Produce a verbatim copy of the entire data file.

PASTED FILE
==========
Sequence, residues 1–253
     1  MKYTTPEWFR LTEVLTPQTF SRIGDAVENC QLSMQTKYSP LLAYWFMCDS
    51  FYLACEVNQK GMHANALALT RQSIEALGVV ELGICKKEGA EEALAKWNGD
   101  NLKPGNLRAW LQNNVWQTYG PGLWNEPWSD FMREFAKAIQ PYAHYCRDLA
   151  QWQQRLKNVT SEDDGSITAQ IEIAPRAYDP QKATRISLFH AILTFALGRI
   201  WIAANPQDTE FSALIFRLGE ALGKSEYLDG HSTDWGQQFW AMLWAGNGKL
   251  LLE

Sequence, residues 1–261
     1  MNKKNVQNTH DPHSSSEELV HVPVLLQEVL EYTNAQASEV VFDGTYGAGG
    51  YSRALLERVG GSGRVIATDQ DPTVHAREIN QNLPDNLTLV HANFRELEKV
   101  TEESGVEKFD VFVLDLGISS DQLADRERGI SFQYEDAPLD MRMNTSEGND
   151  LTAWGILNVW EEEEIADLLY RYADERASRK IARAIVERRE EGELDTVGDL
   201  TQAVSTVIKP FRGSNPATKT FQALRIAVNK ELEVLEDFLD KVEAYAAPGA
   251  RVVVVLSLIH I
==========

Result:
Sequence, residues 1–253
     1  MKYTTPEWFR LTEVLTPQTF SRIGDAVENC QLSMQTKYSP LLAYWFMCDS
    51  FYLACEVNQK GMHANALALT RQSIEALGVV ELGICKKEGA EEALAKWNGD
   101  NLKPGNLRAW LQNNVWQTYG PGLWNEPWSD FMREFAKAIQ PYAHYCRDLA
   151  QWQQRLKNVT SEDDGSITAQ IEIAPRAYDP QKATRISLFH AILTFALGRI
   201  WIAANPQDTE FSALIFRLGE ALGKSEYLDG HSTDWGQQFW AMLWAGNGKL
   251  LLE

Sequence, residues 1–261
     1  MNKKNVQNTH DPHSSSEELV HVPVLLQEVL EYTNAQASEV VFDGTYGAGG
    51  YSRALLERVG GSGRVIATDQ DPTVHAREIN QNLPDNLTLV HANFRELEKV
   101  TEESGVEKFD VFVLDLGISS DQLADRERGI SFQYEDAPLD MRMNTSEGND
   151  LTAWGILNVW EEEEIADLLY RYADERASRK IARAIVERRE EGELDTVGDL
   201  TQAVSTVIKP FRGSNPATKT FQALRIAVNK ELEVLEDFLD KVEAYAAPGA
   251  RVVVVLSLIH I